Volume 8, No. 2: Section 6, Autumn 2006


NOTABLE

"For me, the essence of a medicine (woman’s or) man's life is to be humble, to have great patience, to be close to the Earth, to live as simply as possible, and never to stop learning."
Words of Archie Fir Lame Deer, LAKOTA

Medicine People focus on their Being, not their doing. After all, we are human beings, not human doings. The Medicine People are very patient and consciously trying to live a live of humility. Medicine People are servant leaders. Their main purpose is to serve the needs of others. By this service attitude, they become the leaders people listen to and the leaders the people want to follow. Medicine People say everyone is their teacher; their way teaches others to be humble, patient, honoring the Earth, listening to our teachers, and sharing our natural gifts and healing skills with others.
O' Mitakuye Oyasin
Adapted from Blackfeather 6/16/06 [[email protected]]

Ivy Baker Priest (1905 -1975), the 30th Treasurer of the United States while Dwight D. Eisenhower was President, said, “We women don’t care too much about getting our pictures on money as long as we can get our hands on it.” She never forgot her humble Utah beginnings as the daughter of a poor miner. One evening at one of the many elegant dinners with famous leaders, Norman Vincent Peale asked her, “…the people I have known in this world who have achieved things have all overcome some great handicap to reach their goal. I hope you won't mind my asking you . . . what was yours?” Ivy Baker Priest responded, “Poverty.”


“If women and minorities are to achieve their full potential, all of us need to be far more proactive. So what can be done?”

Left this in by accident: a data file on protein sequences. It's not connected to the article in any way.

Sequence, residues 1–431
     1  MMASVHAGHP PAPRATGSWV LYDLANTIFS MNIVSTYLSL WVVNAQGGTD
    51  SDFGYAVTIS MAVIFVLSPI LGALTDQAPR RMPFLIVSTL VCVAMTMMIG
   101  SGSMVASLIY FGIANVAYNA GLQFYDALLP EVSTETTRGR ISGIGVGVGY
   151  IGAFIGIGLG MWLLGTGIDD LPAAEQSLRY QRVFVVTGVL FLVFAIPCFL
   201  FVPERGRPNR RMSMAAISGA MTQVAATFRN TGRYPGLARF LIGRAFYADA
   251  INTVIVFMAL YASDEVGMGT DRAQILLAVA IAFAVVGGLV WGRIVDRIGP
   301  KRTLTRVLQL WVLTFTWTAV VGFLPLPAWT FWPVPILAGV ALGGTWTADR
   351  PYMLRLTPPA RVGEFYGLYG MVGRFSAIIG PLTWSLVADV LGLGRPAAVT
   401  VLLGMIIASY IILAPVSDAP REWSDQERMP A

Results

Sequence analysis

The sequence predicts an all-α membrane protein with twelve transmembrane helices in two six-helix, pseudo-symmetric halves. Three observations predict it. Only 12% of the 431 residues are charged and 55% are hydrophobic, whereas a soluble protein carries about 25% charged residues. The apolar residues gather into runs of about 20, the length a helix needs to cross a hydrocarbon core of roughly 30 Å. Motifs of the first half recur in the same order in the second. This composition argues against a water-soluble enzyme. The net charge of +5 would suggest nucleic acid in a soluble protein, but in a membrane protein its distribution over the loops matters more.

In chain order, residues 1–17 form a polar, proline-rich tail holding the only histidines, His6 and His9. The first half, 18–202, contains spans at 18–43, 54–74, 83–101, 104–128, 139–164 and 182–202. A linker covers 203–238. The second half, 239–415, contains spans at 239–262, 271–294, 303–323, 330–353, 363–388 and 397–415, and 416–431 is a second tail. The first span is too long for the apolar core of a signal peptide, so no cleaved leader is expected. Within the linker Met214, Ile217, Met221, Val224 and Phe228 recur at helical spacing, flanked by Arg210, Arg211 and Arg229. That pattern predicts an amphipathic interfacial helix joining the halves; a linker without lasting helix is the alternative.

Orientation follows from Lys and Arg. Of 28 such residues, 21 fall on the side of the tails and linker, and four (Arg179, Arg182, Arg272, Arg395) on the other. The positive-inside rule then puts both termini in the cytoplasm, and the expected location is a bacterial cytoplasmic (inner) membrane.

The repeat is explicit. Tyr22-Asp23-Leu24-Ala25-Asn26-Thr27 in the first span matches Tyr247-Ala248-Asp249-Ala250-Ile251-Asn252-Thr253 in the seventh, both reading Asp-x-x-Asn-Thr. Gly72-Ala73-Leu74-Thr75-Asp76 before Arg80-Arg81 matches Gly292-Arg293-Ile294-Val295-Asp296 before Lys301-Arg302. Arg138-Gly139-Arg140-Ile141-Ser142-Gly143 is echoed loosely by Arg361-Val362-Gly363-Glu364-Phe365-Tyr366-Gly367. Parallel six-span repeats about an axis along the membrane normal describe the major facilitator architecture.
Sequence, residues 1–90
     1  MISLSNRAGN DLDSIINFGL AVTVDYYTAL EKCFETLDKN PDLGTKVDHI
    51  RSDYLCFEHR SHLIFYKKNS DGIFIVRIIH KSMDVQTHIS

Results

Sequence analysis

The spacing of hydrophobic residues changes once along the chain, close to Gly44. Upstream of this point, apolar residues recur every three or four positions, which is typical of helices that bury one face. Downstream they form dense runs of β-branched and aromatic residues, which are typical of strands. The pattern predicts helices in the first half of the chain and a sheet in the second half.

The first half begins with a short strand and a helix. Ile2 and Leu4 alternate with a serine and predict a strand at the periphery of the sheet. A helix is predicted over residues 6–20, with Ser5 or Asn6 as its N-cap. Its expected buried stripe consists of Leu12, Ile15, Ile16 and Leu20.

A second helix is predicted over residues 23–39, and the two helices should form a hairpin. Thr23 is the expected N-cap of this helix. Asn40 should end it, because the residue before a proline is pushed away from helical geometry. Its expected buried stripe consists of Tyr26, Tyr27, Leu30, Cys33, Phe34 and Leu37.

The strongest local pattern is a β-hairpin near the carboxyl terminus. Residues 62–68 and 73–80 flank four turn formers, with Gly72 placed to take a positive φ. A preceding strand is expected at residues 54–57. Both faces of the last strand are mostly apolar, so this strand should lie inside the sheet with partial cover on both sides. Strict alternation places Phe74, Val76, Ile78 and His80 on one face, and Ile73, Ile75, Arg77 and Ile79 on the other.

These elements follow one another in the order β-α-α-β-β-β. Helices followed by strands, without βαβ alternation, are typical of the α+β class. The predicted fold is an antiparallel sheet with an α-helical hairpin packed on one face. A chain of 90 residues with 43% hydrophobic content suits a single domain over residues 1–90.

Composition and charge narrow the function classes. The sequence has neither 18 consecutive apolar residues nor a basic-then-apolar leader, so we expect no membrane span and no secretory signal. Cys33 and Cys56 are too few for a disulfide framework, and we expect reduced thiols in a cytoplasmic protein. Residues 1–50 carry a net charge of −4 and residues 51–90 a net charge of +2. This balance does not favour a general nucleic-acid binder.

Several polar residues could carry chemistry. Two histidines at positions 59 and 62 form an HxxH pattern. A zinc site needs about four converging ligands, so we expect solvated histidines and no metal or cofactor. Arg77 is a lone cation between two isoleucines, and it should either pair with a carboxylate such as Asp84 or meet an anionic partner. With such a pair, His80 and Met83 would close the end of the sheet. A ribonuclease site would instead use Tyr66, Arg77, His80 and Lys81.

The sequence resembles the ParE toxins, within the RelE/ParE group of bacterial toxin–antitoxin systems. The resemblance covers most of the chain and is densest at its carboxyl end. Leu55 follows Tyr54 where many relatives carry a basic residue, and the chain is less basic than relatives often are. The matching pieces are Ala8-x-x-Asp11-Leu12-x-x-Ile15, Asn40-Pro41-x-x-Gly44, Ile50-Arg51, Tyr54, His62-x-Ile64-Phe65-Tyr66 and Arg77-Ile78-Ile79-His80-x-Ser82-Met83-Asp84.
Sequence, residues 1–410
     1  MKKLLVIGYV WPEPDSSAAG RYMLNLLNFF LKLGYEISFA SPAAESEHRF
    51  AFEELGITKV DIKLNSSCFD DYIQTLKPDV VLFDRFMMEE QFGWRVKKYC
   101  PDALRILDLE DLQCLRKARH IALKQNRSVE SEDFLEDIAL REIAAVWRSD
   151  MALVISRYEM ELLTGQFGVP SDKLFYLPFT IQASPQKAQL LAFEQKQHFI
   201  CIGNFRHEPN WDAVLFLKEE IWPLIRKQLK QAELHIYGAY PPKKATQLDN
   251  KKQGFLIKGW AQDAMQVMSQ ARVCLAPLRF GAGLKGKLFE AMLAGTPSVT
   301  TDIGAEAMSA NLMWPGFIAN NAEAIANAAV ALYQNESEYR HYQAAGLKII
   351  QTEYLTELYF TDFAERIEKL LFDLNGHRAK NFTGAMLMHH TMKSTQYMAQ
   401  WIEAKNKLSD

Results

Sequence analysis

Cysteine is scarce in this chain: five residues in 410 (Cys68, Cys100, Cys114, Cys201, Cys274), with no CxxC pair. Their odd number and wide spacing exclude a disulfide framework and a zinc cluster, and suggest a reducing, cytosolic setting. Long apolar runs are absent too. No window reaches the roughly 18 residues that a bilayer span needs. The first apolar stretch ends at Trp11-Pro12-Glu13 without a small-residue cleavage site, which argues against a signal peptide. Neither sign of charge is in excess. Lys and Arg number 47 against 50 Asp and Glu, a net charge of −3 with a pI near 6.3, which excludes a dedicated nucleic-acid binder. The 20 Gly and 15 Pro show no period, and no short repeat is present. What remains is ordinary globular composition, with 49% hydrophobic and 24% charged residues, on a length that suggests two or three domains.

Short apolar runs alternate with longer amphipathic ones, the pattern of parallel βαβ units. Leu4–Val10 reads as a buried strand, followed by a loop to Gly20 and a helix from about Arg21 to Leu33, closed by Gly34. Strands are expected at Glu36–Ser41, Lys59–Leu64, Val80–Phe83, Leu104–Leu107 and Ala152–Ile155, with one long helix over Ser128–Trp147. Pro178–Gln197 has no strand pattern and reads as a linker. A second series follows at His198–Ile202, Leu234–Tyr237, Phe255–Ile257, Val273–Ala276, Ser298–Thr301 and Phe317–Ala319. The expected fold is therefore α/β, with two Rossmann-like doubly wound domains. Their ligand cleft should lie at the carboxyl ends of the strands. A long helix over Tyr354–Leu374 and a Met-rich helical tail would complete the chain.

1. Enhance leadership diversity in academic and scientific institutions.
  2. Provide diverse faculty role models. Run fair job searches.
  3. Speak out in the face of discrimination.
  4. Enhance fairness in competitive selective processes.
  5. Teach young scientists how to survive in a prejudiced world. Build self-confidence. Encourage all young people at all stages of training. Mentor!

Adapted from “Does gender matter?”
Ben A. Barres, MD, PhD
Nature. 2006;442:133-6.


NOTE: Dr. Barres is Professor of Neurobiology, Neurology & Neurological Sciences, and Developmental Biology, and Associate Chair of the Department of Neurobiology at Stanford University of Medicine. He is transgendered. He comments on “The Larry Summers Hypothesis” that “women are not advancing because of innate inability rather than because of bias or other factors.” A Wall Street Journal article in the July 13, 2006, issue reports that, after hearing Dr. Ben Barres’ seminar 10 years ago, a scientist commented, “Ben Barres’s work is much better than his sister’s.” Ben was Barbara before transgender treatments.

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